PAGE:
From video assistant referees (VARs) to goal-line technology, many state-of-the-art technologies operate in the background for the success of the 2018 FIFA World Cup. Sergey Babenko, the CEO of Simvol, who is one of the official signage producers for the 21st FIFA World Cup, reflects on one technology that is often overlooked, but has massively contributed to the look and feel of the biggest football event of the year: digital printing.

Founded in 1996, Simvol is Russia’s largest producer of flags and State symbolic textile-based signage. The company is located in Kropotkin, Krasnodar Territory, and has sales offices in all major Russian cities. Led by CEO Sergey Babenko, Simvol was most recently tapped to produce signage for the 2018 Soccer World Cup hosted by Russia.

“We had already done significant work to support the 2014 Winter Olympics in Sochi,” Babenko explained. “We were very proud of the work we did in the production and installation of all of the flags and banners for one of the most important events in our country, under the most difficult mountain conditions. So it made sense to tap us to produce flags for the 2018 Soccer World Cup. Participants see our products in almost all of the cities where the matches are being held, including Sochi, Volgograd, Samara, Moscow and St. Petersburg. Plus, we produced sportswear and accessories to help fans actively support their teams. It is exciting to think that these items will be spread all around the world once the matches are over!”

Early adopter

While Simvol began its life producing screen-printed sewn flags without any uniform standards and sizes, the production process today has evolved dramatically.

“Screen printing is very labor intensive,” said Sergey Babenko. “And the results were unpredictable. To overcome these issues, Simvol was one of the first companies in Russia to adopt heat transfer dye sublimation printing technology. We worked with Smart-T, a reseller to the industry, to determine the best printing solution for our needs. Not only did we transition much of our production to heat transfer dye sublimation, but we were also creative in the use of our existing screen-printing equipment to add unique finishing to our dye sub flags and signs. Plus, we also offer embroidery, applique, fringe and other embellishments to set our flags apart from the competition.”

While Simvol’s early experimentation with heat-transfer dye sublimation was less than satisfactory, the company continued to evaluate new offerings as they came on the market. “In 2004,” Babenko added, “we reached out to Smart-T and they immediately proposed a solution. We acquired a Mimaki JV4, which increased our press speed by a factor of 10, and we are still using that printer today! In addition to flags, we started printing desktop tags, pennants and chevrons.”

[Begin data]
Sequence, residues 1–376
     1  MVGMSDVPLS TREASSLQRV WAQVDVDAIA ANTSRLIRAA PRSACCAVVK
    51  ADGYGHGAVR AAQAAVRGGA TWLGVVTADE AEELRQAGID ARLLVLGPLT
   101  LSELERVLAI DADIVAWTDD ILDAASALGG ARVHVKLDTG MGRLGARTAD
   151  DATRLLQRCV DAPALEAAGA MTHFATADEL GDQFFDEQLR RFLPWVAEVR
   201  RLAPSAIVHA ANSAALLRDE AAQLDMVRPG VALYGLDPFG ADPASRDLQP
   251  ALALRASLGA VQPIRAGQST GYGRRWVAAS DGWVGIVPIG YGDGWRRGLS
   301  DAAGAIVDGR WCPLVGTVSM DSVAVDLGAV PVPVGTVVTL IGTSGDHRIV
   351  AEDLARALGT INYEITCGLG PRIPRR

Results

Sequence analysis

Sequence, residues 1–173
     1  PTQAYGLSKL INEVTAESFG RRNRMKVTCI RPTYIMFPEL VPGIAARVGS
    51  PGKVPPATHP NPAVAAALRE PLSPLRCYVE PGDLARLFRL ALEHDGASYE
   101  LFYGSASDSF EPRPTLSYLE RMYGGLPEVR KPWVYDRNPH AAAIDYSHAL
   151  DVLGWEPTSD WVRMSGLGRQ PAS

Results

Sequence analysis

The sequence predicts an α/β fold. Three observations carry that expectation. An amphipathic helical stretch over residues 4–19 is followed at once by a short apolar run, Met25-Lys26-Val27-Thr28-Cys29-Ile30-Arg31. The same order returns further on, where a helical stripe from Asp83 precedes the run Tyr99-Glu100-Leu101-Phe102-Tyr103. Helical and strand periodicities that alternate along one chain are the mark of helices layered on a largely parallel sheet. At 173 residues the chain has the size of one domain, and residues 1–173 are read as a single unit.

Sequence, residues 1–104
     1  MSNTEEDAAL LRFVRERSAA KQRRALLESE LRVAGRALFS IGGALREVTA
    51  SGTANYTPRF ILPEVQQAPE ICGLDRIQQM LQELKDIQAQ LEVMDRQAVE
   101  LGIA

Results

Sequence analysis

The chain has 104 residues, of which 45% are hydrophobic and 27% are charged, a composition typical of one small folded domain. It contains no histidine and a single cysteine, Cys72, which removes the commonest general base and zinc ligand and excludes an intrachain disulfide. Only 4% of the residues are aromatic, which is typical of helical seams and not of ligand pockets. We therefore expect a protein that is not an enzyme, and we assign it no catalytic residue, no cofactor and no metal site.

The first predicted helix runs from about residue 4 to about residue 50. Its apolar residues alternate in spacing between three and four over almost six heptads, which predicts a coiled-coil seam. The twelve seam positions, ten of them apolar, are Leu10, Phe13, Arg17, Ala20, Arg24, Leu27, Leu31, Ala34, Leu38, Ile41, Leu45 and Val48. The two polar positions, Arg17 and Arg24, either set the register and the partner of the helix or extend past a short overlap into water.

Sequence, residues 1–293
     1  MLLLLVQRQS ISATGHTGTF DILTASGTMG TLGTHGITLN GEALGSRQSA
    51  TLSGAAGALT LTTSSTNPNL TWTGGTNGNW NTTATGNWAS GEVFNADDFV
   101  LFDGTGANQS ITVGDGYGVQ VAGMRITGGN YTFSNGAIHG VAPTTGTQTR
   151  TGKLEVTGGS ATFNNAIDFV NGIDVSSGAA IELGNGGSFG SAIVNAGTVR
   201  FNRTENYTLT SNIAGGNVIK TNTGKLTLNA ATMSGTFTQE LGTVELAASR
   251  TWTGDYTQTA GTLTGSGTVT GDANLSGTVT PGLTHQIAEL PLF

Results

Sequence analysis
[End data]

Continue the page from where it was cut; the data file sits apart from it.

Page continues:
Along with the JV4, Simvol has also added a number of other printers to its fleet over time. This includes a Mimaki DS-1600 for direct-to-fabric printing and a TS34 for heat-transfer dye sublimation. Most recently, the company acquired a Mimaki JV300. “This is the model we look to use as our primary production platform in the future,” Babenko commented. “It has the ability to replace all of our other printers.”

Babenko is also excited about the Mimaki Tiger 1800B production class textile printer. “This printer has exceptional speed and quality,” he said. “As we continue to grow, we will consider adding one or more of these printers to our fleet. It will really set us apart in the marketplace and allow us to produce orders even faster.”

Out-of-this-world experience

Simvol has other notable accomplishments in its history book as well. The backdrop with the standard of the President of Russia against which he holds official events was produced by Simvol. And the company’s work has also visited space. “We developed and produced a pennant in honor of the 95-year anniversary of the Supreme Court of the Russian Federation,” Babenko stated, “which the Russian astronaut Anton Shkaplerov took into orbit. Also, for more than ten years Simvol has produced battle flags at the request of the Government and Ministries of Russian Federation.”

Today, the company produces a wide range of textile-based products, including flags, banners, pennants and sportswear on five Mimaki printers. Simvol produces some 40,000 jobs per year, with run lengths ranging from one to 10,000.

Babenko is also very proud of his staff. “I have a staff of very talented people who love what they do and are dedicated to delivering the best quality,” he concluded. “We closely follow all new trends and are always seeking new markets and opportunities. The support we get from Mimaki and Smart-T are key to our success, and we look forward to continuing our journey with them far into the future.”